Background Systemic sclerosis (SSc) features autoimmunity, vasculopathy and tissue fibrosis. The renin-angiotensin and endothelin systems have been implicated in vasculopathy and fibrosis. A role for autoantibody-mediated receptor stimulation is hypothesised, linking three major pathophysiological features consistent with SSc.
Methods Serum samples from 478 patients with SSc (298 in the study cohort and 180 from two further independent cohorts), 372 healthy subjects and 311 control-disease subjects were tested for antibodies against angiotensin II type 1 receptor (AT1R) and endothelin-1 type A receptor (ETAR) by solid phase assay. Binding specificities were tested by immunoprecipitation. The biological effects of autoantibodies in microvascular endothelial cells in vitro were also determined, as well as the quantitative differences in autoantibody levels on specific organ involvements and their predictive value for SSc-related mortality.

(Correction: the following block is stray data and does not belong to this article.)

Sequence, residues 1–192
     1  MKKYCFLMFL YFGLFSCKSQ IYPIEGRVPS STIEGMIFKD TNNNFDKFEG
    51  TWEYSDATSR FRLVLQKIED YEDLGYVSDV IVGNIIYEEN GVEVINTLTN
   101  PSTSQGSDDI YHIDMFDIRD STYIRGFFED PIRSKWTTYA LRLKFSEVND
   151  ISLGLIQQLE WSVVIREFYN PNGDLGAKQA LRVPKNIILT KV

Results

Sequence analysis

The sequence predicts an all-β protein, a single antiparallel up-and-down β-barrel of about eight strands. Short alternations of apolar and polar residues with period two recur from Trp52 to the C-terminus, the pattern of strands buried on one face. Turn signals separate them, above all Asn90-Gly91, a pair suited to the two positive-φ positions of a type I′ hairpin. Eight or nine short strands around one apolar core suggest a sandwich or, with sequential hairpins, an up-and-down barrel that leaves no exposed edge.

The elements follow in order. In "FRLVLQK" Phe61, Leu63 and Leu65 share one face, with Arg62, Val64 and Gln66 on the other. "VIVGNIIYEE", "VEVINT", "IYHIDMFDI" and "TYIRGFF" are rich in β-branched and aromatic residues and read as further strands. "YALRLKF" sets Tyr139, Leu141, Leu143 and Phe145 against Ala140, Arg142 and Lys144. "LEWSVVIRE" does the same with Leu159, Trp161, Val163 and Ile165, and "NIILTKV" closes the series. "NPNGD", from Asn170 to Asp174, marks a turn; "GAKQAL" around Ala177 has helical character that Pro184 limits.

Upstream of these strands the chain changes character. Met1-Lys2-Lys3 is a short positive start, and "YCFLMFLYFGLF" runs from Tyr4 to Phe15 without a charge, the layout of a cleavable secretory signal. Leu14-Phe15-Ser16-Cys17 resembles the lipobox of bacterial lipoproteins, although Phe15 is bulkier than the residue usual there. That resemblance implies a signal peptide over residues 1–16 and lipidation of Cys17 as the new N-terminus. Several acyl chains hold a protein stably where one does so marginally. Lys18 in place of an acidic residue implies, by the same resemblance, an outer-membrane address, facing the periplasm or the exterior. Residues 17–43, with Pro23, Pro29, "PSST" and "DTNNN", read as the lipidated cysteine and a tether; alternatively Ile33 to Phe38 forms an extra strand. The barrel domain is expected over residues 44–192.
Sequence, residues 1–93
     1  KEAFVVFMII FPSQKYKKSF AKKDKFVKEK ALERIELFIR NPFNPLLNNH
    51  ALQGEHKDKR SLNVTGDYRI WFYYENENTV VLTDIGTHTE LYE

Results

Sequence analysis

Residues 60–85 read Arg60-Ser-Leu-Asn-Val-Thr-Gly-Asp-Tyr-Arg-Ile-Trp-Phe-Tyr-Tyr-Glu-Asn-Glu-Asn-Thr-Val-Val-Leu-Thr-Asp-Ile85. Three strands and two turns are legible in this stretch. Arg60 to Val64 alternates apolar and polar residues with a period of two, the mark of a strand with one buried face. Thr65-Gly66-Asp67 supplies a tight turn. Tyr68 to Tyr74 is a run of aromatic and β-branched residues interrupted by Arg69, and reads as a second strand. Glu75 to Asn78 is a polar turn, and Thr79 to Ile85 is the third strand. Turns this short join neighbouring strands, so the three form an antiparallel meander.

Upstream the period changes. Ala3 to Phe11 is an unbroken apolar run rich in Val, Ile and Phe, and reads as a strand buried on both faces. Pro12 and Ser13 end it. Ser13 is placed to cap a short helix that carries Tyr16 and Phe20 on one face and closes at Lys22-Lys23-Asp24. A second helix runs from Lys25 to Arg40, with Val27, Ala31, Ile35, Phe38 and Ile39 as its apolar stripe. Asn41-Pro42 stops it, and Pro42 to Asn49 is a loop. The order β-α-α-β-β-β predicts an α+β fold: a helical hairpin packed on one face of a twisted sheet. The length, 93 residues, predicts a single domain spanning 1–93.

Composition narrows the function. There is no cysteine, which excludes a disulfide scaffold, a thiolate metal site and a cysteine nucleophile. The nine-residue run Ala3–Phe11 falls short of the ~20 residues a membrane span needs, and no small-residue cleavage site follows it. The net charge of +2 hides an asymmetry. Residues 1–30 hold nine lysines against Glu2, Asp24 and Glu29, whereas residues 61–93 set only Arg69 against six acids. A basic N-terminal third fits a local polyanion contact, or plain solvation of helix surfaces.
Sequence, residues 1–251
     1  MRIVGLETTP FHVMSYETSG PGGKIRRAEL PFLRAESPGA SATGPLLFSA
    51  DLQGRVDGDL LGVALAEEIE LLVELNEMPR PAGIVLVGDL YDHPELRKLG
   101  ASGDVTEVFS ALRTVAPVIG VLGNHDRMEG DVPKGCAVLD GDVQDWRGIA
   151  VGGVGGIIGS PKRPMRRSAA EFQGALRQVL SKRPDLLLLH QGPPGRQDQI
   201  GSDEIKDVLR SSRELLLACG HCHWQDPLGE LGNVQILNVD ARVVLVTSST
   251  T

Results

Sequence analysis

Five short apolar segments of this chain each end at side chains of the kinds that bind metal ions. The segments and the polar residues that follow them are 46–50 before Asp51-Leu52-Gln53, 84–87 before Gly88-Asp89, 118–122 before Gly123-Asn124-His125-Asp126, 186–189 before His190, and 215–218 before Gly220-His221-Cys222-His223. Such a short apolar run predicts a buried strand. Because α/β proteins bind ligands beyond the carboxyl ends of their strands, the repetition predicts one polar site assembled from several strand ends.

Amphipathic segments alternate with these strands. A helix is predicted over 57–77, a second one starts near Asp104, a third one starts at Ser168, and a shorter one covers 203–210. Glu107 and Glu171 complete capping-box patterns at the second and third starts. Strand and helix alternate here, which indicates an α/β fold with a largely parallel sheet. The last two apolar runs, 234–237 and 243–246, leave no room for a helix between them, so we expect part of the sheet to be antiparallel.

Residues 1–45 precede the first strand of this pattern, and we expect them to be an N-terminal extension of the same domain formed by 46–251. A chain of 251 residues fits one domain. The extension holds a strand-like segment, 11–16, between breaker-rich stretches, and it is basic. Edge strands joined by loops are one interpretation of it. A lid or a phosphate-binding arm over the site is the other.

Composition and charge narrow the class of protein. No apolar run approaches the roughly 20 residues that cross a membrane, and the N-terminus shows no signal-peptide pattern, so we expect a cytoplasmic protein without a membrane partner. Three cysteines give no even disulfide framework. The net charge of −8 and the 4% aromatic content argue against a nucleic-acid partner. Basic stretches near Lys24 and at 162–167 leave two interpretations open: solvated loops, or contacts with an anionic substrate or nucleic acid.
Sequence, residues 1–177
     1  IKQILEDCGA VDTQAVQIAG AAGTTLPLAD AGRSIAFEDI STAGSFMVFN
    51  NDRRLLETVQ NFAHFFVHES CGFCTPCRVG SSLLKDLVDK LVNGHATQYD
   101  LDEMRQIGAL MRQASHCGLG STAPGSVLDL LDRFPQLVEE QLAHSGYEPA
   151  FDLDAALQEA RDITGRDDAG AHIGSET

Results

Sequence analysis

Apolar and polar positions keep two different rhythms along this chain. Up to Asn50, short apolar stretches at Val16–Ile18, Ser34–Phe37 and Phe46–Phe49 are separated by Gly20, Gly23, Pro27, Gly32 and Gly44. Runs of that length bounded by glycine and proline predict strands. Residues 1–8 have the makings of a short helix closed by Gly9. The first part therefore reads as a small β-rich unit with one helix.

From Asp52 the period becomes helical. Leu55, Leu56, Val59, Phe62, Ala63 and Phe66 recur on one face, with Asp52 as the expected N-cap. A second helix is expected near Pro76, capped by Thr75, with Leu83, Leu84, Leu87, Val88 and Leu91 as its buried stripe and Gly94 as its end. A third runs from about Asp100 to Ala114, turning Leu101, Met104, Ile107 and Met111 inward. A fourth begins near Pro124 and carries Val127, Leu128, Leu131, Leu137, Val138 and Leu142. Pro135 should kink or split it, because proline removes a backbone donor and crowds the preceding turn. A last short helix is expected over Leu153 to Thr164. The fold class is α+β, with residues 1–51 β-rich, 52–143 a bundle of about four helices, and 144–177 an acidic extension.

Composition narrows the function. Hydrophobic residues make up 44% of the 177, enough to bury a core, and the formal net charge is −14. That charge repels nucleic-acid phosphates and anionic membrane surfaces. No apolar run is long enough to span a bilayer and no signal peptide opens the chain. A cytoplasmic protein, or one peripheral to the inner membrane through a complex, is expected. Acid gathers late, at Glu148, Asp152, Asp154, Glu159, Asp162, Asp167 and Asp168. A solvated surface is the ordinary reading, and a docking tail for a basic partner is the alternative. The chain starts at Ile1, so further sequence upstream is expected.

Results Anti-AT1R and anti-ETAR autoantibodies were detected in most patients with SSc. Autoantibodies specifically bound to respective receptors on endothelial cells. Higher levels of both autoantibodies were associated with more severe disease manifestations and predicted SSc-related mortality. Both autoantibodies exert biological effects as they induced extracellular signal-regulated kinase 1/2 phosphorylation and increased transforming growth factor β gene expression in endothelial cells which could be blocked with specific receptor antagonists.
Conclusions Functional autoimmunity directed at AT1R and ETAR is common in patients with SSc. AT1R and ETAR autoantibodies could contribute to disease pathogenesis and may serve as biomarkers for risk assessment of disease progression.
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